Cutting Out Your Wood
The wood I bought from my friend George is stacked outside the garage workshop in a pile and I have started to work it down to sizeable proportions. Cutting into it I have chestnut, elm and beech slabbed into 1 1/2″, 2″, 3″ and 4″. Before I take it down to working sizes I must decide what size will suit what component size, what components will suit what project and then what wood matches the envisaged project. I calculate that of the dozens of pieces needed to furnish my house the wood I currently have in stock will make about 15-20. The wood I bought had been stored outside under cover and without the ends having been sealed. It all still has the wane and the bark on but the bark is loose and falling off.
Mostly that means that beetles will have laid their eggs in the bark and the grub will find its food in the sapwood just under the cambium. In such cases the grubs bore up and down the narrow band to find the nutrition it needs to survive. Often they will take a detour into heartwood but not too deeply. Two tasks are ahead of me now to ensure minimal damage takes place straight off. Firstly I must decide if wane stays or goes. This can depend on a couple of things – one, whether the beetle work is character-giving or ugly, two, will I want waney edges on the specific piece. Another factor becomes evident with roughsawn wood that has aged over a few years and that is the bark and sapwood starts to disintegrate and becomes punky. This then absorbs and retains moisture which then discolours the heartwood and can lead to further rotting and decomposition. More decisions!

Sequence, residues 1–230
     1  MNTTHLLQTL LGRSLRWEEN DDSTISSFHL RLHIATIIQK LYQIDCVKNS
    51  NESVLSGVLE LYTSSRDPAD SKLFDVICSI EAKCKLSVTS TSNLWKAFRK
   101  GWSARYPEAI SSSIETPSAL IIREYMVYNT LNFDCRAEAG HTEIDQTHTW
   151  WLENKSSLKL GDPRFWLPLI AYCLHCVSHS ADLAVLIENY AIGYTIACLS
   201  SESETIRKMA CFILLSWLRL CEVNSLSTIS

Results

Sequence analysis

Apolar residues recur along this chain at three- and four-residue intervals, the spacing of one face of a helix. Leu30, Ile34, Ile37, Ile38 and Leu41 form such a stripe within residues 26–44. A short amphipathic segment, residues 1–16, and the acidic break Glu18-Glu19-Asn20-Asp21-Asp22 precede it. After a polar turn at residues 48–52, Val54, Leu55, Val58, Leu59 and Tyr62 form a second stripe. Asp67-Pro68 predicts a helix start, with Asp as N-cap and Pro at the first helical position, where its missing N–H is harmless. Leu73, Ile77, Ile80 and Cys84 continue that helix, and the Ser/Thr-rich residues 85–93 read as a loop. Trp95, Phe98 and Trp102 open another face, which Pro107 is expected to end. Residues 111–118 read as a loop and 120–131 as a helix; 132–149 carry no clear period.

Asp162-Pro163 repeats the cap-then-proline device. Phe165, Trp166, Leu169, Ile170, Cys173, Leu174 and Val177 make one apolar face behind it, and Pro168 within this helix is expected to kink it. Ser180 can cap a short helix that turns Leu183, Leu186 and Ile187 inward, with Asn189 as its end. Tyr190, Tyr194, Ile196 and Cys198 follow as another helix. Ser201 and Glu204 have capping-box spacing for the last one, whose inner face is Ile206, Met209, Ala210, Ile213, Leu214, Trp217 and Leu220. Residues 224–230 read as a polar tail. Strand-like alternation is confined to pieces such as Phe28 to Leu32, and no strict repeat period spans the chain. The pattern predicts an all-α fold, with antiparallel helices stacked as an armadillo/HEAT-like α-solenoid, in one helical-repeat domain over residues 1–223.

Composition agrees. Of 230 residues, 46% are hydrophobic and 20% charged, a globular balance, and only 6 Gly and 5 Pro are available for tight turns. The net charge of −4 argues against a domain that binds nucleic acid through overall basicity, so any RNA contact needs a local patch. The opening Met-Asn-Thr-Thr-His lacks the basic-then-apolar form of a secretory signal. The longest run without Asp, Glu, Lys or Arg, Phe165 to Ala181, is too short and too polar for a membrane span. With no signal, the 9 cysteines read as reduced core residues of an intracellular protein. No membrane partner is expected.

Fifty percent of my wood is already in excellent condition and ready to go as I have had some of it in since 2011. Ideally that’s the way to go but of course that is not always possible for most of us. A moisture meter is a handy and inexpensive piece of equipment. You don’t need an expensive one. Wood you have had in and in good storage conditions needs no more testing than just being in dry conditions with circulating air. Buying in wood is better either moisture tested or kept for a number of months. We can’t always do that so the moisture meter comes in then to make sure. Of course this is only important in areas where shrinkage affects the whole. Places where opposing components will not shrink at the same rate or where there are mitres and such. Breadboard ends is a good example as is wide picture framing.
Wane is not particularly attractive in large quantities but when carefully chosen it can make a distinctive alternative. I certainly would not want all table tops to have waney edges and calling it “live edge” doesn’t alter the intrusion if it’s not desired. In my world, ‘live edge‘ and ‘character‘ this or that often translates into lack of imagination, not always though.
Just that I often see these lazy descriptions placed on slovenly work. I have seen it successfully used by many makers to really enhance spaces that can actually be difficult with more traditional pieces. I have also seen it overwhelm small spaces and conflict with what exists. I would use it carefully and enjoy it in the write places but not necessarily in large quantities.
There are some really nice accent pieces that lend themselves to large areas like entryways and offices, large lounges and such. Places where they nor the room overwhelm. I’ll be looking into this more when I build the pieces for the house. The rooms are not big, but having the wood drying is inspiring and we will see what transpires.
Just curious…with so much rough sawn wood, will you initially dimension by hand or machine?